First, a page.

His proposal will now go to the summit of the seven richest nations in Nova Scotia in June.
The president was speaking at the World Summit for Social Development, which ends today in Copenhagen, before the largest number of heads of government ever assembled in one place - including Nelson Mandela of South Africa, Li Peng of China, Helmut Kohl of Germany, and Narasimha Rao of India. Vice President Al Gore represented the United States, but John Major refused to attend. Britain sent the Minister for Overseas Development, Baroness Chalker.
Criticisms of Britain's approach to the summit exploded yesterday when Oxfam accused Lady Chalker of making a speech "bordering on the obscene" in her call for free trade as the key to global prosperity and the reduction of poverty.
Patricia Feeney, Oxfam's poverty adviser, said Lady Chalker's emphasis on the free market and the need to remove "unnecessary barriers to job creation" in developing countries, such as cost and over-regulation, had been "quite a shameful speech" when the summit's declaration recognised the limits to the free market and the need for a social dimension to economic policy.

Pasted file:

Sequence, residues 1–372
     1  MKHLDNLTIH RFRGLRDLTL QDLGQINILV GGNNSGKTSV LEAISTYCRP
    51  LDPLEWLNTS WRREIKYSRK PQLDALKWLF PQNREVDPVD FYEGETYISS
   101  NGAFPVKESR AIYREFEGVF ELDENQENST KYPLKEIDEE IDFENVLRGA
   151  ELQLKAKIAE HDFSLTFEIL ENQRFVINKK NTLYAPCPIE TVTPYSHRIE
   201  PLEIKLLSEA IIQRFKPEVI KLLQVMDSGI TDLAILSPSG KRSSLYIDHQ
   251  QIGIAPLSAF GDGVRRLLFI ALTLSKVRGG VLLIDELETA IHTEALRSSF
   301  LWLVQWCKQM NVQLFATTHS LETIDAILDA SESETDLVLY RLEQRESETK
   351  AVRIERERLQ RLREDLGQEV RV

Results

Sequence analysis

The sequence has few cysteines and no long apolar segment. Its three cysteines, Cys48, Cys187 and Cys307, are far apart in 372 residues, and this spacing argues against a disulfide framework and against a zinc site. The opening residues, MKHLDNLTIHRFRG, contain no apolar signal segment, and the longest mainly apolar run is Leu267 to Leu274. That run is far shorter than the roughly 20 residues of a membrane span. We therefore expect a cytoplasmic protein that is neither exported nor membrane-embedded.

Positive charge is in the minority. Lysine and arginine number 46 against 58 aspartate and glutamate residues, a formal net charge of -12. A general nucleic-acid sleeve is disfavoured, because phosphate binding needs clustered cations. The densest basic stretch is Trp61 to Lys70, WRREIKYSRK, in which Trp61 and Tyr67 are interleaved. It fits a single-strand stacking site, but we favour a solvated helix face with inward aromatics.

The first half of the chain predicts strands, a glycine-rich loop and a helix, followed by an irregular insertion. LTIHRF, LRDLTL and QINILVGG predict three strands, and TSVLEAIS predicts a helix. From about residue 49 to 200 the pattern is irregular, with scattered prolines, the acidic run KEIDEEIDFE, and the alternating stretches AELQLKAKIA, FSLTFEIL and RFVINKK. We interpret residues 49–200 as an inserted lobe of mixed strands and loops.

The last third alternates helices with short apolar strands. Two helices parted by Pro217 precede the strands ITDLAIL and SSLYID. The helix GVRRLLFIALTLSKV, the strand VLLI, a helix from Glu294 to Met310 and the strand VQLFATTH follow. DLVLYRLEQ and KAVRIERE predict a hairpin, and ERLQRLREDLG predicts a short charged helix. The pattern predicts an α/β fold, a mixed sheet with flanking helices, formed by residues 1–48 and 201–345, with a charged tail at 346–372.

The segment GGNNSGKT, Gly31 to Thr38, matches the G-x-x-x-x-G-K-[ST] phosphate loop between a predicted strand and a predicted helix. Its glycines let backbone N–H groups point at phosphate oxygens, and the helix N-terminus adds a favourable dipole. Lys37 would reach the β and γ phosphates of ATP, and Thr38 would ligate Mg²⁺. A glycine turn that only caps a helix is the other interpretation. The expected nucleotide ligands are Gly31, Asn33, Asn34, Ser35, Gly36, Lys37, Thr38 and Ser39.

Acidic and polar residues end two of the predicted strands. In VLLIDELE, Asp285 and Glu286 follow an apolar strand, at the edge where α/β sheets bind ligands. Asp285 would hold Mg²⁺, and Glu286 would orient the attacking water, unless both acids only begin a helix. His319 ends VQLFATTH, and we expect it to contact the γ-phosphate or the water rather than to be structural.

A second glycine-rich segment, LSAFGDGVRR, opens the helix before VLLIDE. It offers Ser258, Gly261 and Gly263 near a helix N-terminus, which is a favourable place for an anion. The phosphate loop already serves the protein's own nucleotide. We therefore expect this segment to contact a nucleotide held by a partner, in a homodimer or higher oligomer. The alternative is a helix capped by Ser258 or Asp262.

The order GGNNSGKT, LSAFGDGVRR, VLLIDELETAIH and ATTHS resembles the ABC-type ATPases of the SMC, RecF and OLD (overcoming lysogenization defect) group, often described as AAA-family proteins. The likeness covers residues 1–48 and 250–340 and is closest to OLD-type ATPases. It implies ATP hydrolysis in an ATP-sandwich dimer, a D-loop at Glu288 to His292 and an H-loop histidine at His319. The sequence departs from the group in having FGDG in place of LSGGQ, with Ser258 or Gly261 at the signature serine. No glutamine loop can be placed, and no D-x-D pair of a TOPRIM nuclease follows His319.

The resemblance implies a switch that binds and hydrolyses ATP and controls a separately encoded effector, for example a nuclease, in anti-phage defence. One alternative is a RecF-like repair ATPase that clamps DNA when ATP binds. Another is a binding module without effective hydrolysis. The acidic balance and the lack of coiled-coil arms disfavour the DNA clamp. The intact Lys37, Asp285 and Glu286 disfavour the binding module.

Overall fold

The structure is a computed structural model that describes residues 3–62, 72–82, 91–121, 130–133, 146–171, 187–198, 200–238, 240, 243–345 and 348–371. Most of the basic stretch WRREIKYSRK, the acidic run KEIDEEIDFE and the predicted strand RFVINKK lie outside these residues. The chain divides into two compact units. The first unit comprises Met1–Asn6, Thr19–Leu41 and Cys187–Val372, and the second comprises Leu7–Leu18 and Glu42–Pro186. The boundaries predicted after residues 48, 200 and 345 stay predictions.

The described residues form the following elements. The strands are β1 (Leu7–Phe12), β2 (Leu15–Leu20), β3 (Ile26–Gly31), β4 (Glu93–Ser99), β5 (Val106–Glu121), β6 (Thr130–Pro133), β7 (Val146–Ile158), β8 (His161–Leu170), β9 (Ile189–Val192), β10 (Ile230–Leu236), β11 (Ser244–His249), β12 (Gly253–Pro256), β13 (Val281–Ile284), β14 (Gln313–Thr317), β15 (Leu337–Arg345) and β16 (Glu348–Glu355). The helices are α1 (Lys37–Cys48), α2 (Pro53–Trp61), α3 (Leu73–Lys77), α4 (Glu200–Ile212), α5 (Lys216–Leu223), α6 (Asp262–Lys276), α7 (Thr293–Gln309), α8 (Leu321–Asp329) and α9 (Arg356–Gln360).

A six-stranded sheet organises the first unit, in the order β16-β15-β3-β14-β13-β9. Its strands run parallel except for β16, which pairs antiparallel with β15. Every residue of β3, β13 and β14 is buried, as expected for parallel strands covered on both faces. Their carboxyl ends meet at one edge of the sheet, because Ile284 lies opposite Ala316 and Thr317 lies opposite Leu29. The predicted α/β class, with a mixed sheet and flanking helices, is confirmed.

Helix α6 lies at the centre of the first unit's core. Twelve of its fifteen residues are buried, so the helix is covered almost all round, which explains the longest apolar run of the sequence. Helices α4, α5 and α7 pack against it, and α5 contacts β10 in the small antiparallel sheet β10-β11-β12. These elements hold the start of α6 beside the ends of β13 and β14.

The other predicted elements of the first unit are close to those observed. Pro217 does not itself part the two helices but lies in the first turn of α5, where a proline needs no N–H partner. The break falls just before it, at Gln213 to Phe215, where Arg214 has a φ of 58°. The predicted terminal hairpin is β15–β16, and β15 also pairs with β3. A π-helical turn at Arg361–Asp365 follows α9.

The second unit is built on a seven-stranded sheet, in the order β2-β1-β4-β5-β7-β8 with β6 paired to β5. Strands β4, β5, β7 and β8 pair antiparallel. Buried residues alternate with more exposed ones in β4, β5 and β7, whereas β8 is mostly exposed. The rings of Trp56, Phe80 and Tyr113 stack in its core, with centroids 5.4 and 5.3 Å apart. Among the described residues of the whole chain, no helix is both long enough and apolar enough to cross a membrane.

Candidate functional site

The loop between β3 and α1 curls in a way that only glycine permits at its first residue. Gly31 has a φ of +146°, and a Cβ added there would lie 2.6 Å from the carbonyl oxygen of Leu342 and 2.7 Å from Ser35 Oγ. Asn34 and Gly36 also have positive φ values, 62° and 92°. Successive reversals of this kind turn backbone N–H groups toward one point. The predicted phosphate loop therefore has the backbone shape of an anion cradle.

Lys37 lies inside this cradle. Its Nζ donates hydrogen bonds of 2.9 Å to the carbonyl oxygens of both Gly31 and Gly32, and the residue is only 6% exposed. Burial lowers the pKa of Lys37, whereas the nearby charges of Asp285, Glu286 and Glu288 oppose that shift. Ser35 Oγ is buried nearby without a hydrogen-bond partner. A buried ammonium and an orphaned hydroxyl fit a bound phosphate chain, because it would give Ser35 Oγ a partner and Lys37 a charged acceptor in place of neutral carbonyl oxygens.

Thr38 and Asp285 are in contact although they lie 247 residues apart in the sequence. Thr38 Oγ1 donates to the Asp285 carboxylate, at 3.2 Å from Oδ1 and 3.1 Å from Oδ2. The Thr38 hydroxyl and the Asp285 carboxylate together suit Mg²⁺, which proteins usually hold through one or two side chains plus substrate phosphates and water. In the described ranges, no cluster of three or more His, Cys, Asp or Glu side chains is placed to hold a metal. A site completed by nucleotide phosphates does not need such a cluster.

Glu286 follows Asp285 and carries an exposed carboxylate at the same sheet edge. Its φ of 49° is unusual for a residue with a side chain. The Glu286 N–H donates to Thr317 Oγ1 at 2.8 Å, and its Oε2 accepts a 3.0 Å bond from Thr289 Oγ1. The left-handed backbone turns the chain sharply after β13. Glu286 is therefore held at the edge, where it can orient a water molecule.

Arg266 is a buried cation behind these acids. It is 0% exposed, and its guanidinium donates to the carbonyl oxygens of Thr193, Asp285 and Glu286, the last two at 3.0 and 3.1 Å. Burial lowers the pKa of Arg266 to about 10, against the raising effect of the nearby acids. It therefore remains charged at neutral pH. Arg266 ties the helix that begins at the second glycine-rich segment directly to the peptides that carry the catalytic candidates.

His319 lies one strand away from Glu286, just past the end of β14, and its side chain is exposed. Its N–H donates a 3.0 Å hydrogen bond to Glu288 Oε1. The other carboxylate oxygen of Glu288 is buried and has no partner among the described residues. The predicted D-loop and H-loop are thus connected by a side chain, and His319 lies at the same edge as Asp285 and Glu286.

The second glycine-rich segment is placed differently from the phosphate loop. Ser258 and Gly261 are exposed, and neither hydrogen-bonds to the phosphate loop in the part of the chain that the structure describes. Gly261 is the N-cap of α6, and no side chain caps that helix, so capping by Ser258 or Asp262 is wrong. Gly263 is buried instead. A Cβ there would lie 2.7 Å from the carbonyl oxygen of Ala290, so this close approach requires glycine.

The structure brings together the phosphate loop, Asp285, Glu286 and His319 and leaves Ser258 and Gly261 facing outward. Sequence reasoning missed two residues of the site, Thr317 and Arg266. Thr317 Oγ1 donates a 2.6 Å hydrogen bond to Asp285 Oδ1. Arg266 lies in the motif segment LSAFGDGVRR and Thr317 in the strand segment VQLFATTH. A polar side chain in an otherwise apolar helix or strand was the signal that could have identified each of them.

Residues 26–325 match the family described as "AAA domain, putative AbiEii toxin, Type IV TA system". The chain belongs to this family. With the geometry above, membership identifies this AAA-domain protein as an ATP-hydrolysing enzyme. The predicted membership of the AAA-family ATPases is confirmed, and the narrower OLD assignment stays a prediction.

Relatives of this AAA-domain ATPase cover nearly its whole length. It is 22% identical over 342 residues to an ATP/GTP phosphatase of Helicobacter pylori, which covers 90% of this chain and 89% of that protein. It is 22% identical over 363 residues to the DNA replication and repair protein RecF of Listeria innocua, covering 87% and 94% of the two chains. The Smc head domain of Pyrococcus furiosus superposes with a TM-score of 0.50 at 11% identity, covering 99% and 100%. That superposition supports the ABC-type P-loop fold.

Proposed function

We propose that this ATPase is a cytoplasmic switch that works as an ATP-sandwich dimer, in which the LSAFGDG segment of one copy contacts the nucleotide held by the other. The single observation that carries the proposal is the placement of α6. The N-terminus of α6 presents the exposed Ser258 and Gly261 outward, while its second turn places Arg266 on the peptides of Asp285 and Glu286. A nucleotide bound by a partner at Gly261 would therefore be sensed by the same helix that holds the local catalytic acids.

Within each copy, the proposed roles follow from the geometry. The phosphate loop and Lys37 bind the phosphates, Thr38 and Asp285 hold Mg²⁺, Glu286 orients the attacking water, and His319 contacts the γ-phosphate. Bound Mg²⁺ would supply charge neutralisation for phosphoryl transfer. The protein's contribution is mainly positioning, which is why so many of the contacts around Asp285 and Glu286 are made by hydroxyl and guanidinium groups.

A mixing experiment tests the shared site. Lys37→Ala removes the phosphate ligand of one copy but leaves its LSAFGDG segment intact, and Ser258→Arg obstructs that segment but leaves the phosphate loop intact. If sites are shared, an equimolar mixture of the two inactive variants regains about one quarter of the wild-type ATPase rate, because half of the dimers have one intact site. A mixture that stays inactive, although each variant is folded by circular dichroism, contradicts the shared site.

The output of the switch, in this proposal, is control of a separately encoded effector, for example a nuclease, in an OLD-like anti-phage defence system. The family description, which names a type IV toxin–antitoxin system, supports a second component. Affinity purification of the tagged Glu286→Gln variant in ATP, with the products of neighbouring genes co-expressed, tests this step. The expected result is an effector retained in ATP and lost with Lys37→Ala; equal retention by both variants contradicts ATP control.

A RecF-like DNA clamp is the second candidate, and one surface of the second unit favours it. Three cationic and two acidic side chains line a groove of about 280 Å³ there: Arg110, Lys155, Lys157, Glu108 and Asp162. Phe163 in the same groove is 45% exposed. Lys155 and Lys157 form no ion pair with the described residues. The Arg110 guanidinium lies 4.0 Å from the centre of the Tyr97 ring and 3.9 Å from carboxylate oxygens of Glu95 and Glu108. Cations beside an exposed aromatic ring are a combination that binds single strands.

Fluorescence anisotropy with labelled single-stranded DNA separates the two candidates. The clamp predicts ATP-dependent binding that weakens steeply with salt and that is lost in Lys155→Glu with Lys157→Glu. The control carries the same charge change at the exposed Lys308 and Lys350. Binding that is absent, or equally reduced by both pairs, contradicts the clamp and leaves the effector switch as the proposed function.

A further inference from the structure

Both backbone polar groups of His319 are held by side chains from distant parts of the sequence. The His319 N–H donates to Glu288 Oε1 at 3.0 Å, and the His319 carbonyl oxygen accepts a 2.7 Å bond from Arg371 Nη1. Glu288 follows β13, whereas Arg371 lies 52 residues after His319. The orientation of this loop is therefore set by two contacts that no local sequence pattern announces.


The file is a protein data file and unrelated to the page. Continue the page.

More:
The leaders at the summit will today sign a declaration pledging them to "eradicate poverty" and "promote full employment", and committing themselves to launch national programmes to do this. The tax on speculation is the brainchild of Professor James Tobin, winner of the 1981 Nobel prize for economics, who argues that global transactions in currency markets amount to $1 trillion a day. A tax of just 0.5 per cent on them would raise $150bn a year, three times current aid levels, to attack world poverty.
Mr Mitterrand said the tax would "release considerable resources even if it was set at a very low level". Without that kind of commitment, he added, the summit would merely be "playing out a farce in front of the world".
"Speculation ruins in a few hours the work of millions of men and women and menaces the results of long negotiations like these. I ask myself: are we going to abandon future generations to the gamble of these blind forces?"
But the managing director of the International Monetary Fund, Michel Camdessus, said he was "not excited" by the proposal, and that financing an attack on poverty should be left to governments. Britain is sceptical about the tax, and a senior US official said: "Taxation is the role of the sovereign state."
lPresident Clinton yesterday nominated investment banker James Wolfensohn as next president of the World Bank to succeed Lewis Preston.
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